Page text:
The Eames House consists of two glass and steel rectangular boxes: one is a residence; one, a working studio. They are nestled into a hillside, backed by an eight foot tall by 200 foot long concrete retaining wall. The structures are aligned along a central axis with a court on the ocean side of the House, a court between the two structures, and a parking / utility spot on the Studio far side. At 17 feet tall, each has a mezzanine balcony overlooking a large central room. Public and private spaces are naturally defined by what is easily visible.
When Charles and Ray were home, they would open the curtains and doors and windows. We do too. With doors open, the patios and structures became a long, unified space for living.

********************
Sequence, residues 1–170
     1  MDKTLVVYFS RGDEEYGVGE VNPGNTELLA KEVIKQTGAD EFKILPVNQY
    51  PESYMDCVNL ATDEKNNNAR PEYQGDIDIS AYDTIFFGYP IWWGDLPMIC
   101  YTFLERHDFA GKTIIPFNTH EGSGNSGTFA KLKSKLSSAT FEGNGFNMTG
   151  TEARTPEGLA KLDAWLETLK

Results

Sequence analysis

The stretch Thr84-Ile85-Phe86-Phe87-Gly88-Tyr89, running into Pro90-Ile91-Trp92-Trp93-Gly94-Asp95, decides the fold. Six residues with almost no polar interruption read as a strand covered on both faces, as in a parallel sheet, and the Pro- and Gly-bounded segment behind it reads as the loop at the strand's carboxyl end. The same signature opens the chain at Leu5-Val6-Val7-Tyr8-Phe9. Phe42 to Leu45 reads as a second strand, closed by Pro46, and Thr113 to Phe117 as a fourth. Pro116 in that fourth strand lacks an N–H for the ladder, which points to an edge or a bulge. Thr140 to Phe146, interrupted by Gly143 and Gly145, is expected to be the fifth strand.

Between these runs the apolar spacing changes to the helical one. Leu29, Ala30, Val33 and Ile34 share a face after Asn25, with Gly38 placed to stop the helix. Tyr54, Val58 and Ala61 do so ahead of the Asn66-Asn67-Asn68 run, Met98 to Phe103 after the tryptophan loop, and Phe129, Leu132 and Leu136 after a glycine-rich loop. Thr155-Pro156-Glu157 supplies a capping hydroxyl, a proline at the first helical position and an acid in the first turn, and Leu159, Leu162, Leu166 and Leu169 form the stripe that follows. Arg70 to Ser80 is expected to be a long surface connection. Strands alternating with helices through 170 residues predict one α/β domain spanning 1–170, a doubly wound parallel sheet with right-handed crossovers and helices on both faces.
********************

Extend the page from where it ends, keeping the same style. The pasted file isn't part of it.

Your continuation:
Color: The facades are essentially black-painted grids (consisting of eight 7.5 foot bays for the House and five for the Studio), with different-sized inserts of glass (clear, translucent, or wired), grey cemestos panels (both painted and natural), stucco (off-white, black, blue, and orange/red), aluminum (silver or painted) and specially-treated panels (gold-leafed or with a photographic panel). The transparency and translucency of the glass combines effortlessly with the painted colors and wood finishes. In referring to the Eameses’ work, the Smithsonian’s National Museum of History blogged: “In all of their projects, color was a strategic tool; never did they apply hues indiscriminately. Rather, their brilliant palette spotlighted salient points of information that they wanted to convey, capturing both the eyes and minds of viewers.”
Materials: You can see the use of the off-the-shelf components, or the new plywood and plastic materials that the Eameses developed for their furniture.